You might have guessed that the client for such a fantastic machine was none other the Uncles Sam himself. Or, more accurately, the US Air Force wanted an air crane with outstanding capabilities: lifting and transporting an external payload of 8x8x20 feet (2.4x2.4x6.10 m) weighing up to 10,000 lbs. (4,536 kg) at a top speed of 56 knots (65 mph, 105 kph).
Moreover, the heavy hauler needed to hover at an altitude of 3,000 feet (915 m), have a tactical range of 87 nautical miles (100 miles / 160 km), and have 30 minutes of autonomy. The military wanted the new aircraft to move several types of payloads – from radar trucks to troops, supplies, ammo, or equipment – to and from areas where even a conventional helicopter would not be able to land. And finally, the flying lifter had to be easy to assemble and dismantle to be transported with relative ease using standard military air, land, and sea equipment.
Such unseen or unheard braveries could not have passed unnoticed by Howard Hughes, the eccentric aviator and billionaire, so in 1949 he got the contract to build the experimental helicopter. A scaffolding-like landing gear – duly borrowed from two airplanes, Douglas C-54 and a North American B-25 – provided the frame which would accommodate the cargo.
The most critical aspect of this heli-monster was, undoubtedly, its engine and rotor assembly. Twin General Electric modified J35 turbojets turned the 130-feet-long (40 meters!) dual-blade propeller. The burners would also send bleed air to the rotor hub from the compressors. This air jet traveled through the hollowed-out blades and fed the fuel’s combustion at the tips.
The jet engine duo would thrust 3,480 hp at the nominal rotor RPM of 88 (half of the typical helicopters of the day), but it was enough to meet the requirements of the Air Force. Work on the XH-17 began in 1949, but some financial difficulties of Hughes’ associate postponed the project for two years. Finally, in 1952, on October 23, the massive Frankensteinian aircraft was ready (you can admire it in the gallery).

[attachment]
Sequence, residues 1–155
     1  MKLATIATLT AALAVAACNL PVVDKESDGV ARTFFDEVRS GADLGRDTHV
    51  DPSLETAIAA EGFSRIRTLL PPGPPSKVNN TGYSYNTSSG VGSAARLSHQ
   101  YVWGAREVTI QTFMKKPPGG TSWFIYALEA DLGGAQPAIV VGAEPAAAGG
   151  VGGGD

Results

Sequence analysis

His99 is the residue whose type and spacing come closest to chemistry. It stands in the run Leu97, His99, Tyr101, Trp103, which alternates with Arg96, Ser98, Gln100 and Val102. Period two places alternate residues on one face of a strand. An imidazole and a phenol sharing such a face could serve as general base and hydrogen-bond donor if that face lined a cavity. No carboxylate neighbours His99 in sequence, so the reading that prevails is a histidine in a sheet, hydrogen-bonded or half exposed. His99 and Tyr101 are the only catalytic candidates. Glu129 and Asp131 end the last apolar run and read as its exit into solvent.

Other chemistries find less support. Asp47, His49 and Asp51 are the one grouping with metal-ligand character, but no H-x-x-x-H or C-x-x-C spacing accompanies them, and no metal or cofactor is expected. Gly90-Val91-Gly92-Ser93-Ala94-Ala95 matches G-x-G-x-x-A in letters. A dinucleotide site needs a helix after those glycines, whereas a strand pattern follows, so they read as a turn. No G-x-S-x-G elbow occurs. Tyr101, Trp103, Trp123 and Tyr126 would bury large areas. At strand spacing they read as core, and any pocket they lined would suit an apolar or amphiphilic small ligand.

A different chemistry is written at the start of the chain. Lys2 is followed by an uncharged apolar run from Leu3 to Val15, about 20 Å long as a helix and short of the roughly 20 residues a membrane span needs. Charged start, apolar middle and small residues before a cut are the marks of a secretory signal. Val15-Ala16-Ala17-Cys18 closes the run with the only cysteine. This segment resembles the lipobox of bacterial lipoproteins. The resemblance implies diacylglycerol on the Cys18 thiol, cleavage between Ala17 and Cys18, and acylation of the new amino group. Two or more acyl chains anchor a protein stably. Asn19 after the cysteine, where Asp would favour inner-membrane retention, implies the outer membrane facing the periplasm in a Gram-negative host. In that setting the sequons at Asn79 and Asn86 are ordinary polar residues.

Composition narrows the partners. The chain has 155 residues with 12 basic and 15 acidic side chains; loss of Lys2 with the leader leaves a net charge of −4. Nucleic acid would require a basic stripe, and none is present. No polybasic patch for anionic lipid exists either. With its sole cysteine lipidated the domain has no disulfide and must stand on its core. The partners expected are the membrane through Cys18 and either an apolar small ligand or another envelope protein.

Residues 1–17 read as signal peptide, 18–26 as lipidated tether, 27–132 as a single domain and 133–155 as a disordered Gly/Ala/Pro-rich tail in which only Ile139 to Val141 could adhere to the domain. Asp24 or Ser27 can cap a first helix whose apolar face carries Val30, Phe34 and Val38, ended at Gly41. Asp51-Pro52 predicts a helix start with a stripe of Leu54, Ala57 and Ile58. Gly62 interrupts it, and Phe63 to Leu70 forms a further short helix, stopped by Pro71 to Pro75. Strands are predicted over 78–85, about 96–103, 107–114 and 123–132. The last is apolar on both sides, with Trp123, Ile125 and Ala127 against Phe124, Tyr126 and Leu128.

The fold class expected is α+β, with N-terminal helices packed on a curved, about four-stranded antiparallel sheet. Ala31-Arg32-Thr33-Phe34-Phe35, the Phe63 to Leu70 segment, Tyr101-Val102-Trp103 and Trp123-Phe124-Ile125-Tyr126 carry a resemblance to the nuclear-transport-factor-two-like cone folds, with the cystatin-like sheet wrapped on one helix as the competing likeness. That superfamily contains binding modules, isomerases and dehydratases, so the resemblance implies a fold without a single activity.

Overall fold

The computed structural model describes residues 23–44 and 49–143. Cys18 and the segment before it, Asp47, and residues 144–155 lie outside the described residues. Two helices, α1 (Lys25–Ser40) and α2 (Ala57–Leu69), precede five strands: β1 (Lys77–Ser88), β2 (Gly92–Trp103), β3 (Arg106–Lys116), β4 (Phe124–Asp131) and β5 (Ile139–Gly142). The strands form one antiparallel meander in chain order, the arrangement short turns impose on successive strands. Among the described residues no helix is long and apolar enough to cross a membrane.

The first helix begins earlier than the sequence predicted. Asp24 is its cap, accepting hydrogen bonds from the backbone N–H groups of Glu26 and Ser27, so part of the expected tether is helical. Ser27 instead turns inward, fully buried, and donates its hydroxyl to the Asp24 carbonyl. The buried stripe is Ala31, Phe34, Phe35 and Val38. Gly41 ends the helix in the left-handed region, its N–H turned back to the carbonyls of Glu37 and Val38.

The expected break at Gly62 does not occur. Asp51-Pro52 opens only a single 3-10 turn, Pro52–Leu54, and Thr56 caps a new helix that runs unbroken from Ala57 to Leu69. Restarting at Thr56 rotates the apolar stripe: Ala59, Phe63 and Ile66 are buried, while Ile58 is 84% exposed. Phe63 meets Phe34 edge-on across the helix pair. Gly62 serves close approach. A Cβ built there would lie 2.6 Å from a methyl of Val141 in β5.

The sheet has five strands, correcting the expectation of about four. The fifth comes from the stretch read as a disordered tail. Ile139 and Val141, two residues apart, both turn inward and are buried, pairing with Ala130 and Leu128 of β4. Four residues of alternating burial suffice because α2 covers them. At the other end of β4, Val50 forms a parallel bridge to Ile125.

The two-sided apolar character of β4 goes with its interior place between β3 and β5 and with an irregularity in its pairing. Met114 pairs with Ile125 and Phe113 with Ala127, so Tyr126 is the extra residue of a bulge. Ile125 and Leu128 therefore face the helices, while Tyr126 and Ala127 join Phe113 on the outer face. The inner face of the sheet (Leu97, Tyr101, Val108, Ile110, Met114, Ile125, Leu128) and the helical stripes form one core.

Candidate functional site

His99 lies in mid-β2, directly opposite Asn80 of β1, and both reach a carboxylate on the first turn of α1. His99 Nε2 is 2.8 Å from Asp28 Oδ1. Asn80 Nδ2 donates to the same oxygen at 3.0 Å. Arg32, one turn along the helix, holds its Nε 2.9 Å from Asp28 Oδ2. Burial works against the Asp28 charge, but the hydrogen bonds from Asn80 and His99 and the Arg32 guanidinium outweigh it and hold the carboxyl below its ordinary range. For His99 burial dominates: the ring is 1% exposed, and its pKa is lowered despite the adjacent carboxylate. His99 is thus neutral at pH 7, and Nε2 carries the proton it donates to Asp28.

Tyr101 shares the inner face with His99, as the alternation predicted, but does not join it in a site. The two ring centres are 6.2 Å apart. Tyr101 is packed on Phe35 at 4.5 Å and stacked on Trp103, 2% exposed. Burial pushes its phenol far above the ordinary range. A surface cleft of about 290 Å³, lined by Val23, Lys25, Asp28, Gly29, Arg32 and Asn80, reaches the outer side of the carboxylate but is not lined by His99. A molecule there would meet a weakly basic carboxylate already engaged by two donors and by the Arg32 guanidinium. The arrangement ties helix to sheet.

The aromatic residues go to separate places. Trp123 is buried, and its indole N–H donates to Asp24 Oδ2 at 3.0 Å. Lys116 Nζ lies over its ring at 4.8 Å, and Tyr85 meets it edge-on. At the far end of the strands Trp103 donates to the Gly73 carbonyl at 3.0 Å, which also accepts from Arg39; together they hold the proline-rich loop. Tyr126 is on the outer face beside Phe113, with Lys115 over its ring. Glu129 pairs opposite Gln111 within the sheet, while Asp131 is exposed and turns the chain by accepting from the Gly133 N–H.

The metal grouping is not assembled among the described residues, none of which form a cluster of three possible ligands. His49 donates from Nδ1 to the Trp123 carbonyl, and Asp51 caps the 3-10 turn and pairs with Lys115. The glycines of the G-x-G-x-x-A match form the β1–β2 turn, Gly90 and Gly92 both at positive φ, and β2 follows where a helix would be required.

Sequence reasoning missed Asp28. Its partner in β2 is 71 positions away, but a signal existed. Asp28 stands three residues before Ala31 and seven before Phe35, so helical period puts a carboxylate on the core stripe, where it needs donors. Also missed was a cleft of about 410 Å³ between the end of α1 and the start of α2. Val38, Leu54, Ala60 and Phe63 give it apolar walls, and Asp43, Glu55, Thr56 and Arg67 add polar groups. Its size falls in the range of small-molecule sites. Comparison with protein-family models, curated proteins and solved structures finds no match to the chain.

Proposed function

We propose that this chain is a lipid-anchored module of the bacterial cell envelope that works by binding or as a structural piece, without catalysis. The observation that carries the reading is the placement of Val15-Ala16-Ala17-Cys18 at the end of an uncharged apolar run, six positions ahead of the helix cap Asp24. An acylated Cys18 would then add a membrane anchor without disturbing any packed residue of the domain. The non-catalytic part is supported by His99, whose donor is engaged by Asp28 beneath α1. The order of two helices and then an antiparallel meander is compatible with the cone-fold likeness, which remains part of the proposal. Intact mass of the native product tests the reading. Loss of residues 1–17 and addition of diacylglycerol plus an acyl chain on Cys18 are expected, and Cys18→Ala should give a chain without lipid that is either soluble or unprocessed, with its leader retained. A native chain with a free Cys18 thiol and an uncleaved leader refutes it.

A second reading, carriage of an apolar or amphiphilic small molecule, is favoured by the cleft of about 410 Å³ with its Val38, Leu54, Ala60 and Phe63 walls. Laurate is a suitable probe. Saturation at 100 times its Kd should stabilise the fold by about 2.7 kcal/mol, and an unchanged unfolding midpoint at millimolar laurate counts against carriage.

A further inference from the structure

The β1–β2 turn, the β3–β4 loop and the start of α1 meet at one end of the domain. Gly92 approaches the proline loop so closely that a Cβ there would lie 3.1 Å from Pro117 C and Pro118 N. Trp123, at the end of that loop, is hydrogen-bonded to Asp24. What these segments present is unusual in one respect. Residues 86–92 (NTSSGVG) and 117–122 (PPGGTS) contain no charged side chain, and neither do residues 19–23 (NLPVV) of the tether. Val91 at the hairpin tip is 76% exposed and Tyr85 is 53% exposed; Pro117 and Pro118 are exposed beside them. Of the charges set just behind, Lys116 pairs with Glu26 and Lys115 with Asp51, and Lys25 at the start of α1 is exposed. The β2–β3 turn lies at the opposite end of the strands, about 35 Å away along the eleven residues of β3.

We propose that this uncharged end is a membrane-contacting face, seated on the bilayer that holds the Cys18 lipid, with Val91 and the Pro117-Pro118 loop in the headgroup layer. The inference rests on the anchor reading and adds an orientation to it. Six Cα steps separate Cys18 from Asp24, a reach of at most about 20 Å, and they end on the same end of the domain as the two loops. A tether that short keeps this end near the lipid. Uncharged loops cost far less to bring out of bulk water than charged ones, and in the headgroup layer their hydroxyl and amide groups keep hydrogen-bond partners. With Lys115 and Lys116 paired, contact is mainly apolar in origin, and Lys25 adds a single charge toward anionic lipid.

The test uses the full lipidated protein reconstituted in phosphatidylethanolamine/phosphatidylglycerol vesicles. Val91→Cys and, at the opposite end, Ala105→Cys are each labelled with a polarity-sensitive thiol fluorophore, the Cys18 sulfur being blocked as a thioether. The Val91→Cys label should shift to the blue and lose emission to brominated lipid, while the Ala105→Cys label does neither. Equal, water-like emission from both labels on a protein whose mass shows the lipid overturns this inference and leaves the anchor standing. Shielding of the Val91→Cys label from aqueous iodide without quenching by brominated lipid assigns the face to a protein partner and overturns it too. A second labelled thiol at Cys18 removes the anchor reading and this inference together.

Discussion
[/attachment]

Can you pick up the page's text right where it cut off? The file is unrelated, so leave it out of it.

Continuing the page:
With the newly licensed tail number 50-1842, the XH-17 made its maiden flight with pilot Gale Moore at the stick. The event occurred in Culver City, California, but lasted for a bare minute because of overwhelming directional control forces. Hughes engineers ran into more challenges while trying to fix the initial mishaps, and the project never made it past the prototype stage.
It was far less than what the Air Force required, and no technological solution managed to overcome this issue. So, in December 1955, the project was scrapped, but it did serve an essential purpose: it demonstrated that an airlift of enormous proportions was possible and practical.
At the time of its construction, the XH-17 had quite impressive specs: 53 feet long (16 m), 30 feet tall (9.2 m), and an empty weight of 28,562 lb (13 tons). Three crew (pilot, mechanic, and in-flight engineer) operated the massive flying machine.
Although never tested, the XH-17’s calculated performance was impressive: a top speed of 78 knots (90 mph, 140 kph) at 8,000 ft (2,438 m). Cruise speed was a steady 74 knots - 85 mph (137 kph), and it could climb to 13,100 ft (4,000 m) at a rate 1,650 ft/min (8.4 m/s). While it never passed the test stage, the XH-17 remains one of the most illustrious aircraft ever to honor the flying forces of the world.